Wayne Rooney has been caught, according to British newspapers, of having an affair with a prostitute while his wife Coleen was pregnant. Rooney supposedly slept with the 21-year-old call girl seven times in four months.
If the story is true, then it’s reprehensible of Rooney to do such a thing. And conceivably, Rooney may have had the guilt of his actions playing in his mind during the World Cup this past summer especially more-so if he knew that the British tabloids were hot on the trail of breaking the story.
I usually don’t write about such topics on EPL Talk and neither do most of the other bloggers on the site. But it’s hard to avoid this story especially when it features one of the best players in England. And it may have an effect on his Manchester United career this season especially after Ferguson decides how to handle the situation by dropping him, giving him a stern talking to or not saying a word and letting Rooney vent his anger on the football pitch by scoring goals.
But the reality of the whole situation is that this story has nothing to do with soccer. Rooney cheated. And the British newspapers know that these type of scandals sell print copies especially on a Sunday. Just as Rooney reportedly cheated on his wife, many of the British newspapers cheat the public by utilizing their resources to focus on the ugly side of journalism, the private lives of celebrities. But that’s what many of them are in England, the British version of the National Enquirer.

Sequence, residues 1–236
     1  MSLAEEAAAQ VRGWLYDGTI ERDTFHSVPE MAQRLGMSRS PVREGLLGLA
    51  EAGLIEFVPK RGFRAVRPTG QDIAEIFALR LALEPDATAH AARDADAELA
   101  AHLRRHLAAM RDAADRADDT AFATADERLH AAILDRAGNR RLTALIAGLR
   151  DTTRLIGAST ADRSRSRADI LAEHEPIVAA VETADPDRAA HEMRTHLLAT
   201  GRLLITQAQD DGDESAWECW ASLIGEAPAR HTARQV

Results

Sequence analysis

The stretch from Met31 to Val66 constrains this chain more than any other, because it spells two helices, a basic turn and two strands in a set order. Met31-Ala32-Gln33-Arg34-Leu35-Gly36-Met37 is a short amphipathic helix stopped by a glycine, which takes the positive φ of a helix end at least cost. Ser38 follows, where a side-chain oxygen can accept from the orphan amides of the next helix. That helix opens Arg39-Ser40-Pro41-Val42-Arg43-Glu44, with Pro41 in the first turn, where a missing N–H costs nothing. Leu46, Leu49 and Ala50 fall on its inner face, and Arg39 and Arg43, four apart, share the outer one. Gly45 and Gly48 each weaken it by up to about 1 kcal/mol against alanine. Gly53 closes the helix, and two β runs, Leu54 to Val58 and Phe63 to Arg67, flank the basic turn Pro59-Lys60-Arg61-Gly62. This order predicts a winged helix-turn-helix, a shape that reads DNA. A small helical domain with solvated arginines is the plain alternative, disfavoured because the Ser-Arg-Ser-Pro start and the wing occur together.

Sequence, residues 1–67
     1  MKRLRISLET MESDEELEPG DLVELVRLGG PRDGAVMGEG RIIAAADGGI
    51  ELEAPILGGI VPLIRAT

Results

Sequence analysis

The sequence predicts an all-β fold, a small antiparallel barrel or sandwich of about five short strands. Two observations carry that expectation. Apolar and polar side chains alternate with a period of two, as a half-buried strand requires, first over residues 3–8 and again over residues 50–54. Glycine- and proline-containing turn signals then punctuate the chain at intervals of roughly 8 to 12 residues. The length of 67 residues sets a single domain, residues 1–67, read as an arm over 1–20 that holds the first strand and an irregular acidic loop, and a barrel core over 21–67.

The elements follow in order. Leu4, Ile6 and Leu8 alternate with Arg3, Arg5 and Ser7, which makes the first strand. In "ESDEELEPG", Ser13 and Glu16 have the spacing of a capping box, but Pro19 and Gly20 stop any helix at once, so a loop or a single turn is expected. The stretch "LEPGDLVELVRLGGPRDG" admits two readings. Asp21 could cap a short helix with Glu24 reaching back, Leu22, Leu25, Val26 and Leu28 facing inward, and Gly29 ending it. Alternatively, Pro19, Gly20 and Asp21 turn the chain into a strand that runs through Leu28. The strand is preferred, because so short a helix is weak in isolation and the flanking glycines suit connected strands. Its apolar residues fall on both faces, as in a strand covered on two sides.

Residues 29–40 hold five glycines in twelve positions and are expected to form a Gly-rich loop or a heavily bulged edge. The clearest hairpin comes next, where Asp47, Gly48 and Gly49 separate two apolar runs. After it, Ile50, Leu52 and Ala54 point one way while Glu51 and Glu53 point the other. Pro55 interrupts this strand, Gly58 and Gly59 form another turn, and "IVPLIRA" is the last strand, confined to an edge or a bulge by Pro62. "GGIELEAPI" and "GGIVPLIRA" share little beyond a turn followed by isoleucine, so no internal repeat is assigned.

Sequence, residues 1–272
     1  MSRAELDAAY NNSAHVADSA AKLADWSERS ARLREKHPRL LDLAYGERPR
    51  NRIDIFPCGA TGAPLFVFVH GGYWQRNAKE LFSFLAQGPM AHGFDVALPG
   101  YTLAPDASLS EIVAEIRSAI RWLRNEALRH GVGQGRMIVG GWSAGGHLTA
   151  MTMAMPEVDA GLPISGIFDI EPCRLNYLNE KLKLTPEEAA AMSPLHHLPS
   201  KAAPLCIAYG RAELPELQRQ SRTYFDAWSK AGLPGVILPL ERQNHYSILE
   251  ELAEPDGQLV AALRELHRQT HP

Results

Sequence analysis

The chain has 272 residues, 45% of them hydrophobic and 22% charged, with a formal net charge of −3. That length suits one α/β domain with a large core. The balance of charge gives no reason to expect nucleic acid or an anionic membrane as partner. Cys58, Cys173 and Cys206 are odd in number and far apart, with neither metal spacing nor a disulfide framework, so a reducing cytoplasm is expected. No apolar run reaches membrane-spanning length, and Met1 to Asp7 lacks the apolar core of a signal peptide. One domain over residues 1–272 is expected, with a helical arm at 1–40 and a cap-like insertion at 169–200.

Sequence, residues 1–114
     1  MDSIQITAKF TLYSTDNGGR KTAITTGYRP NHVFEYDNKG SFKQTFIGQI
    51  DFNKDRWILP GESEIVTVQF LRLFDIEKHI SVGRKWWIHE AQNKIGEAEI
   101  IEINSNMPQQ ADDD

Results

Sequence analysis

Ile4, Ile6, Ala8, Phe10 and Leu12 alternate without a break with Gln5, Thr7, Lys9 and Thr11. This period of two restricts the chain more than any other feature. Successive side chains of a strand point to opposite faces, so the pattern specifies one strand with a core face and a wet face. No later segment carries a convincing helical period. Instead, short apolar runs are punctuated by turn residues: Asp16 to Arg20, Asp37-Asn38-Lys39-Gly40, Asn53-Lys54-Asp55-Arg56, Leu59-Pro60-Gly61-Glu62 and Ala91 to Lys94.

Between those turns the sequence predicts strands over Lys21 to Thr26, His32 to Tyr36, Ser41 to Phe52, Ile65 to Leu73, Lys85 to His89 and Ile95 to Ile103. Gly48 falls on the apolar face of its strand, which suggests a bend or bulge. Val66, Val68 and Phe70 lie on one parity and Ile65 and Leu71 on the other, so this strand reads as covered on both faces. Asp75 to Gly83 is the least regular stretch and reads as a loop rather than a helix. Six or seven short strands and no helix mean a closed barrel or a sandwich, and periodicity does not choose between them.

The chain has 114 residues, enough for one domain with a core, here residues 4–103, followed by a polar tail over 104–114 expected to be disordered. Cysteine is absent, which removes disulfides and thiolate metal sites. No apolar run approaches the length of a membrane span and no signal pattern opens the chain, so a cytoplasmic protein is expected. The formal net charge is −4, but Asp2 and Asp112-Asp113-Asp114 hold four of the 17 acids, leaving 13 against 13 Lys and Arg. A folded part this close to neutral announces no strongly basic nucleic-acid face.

That’s not to absolve Rooney of the actions he took. It was a series of stupid decisions by him.
The sooner Rooney puts this whole incident behind him the better. The best thing for him will be to put in a valiant effort against Switzerland on Tuesday in the Euro 2012 qualifier. But prepare yourself for a tidal wave of mounting press coverage in the next few days. The best thing Rooney could do is switch off all media and concentrate on two things. Saving his marriage, if he’s so inclined. And playing his best on Tuesday which will help shut up some of the critics. A poor performance from him and the press wolves will be on his back to add more pressure.
All of these types of stories make me wonder sometimes how little soccer coverage is focused on the actual game itself, and how much of it is fueled by everything else soccer-related. If anything, the soccer these days is secondary especially when you compare the amount of press coverage focused on a game versus all of the coverage (in the press and blogosphere) on other things such as transfer gossip, football shirts, video games, injuries, supporters groups, hooligans, club takeovers, fantasy football, flubs, mustaches, fashion, etc. We’re guilty of it, too. But I do find it interesting that the games themselves are becoming, to some degree, less important.
Sex scandals are nothing new in English football. But just as I believe that British newspapers should focus on uncovering stories that are actually more beneficial such as exposing government waste or reporting on feel-good stories, the fact of the matter is that as long as we, the public, continue to buy the newspapers, then the vicious cycle will continue. And sadly, I don’t see it ending. It’s a sad reflection on humanity that people care about these type of stories, and that Rooney allegedly committed the act in the first place. Personally, I’m not interested in the story but feel it’s one tabloid story that needs to be mentioned because it may impact on what happens on the pitch.
For the sake of the sport and the Premier League, let’s hope Rooney can make the right decisions moving forward. It’d be a shame if this affects one of the greatest English footballers ever.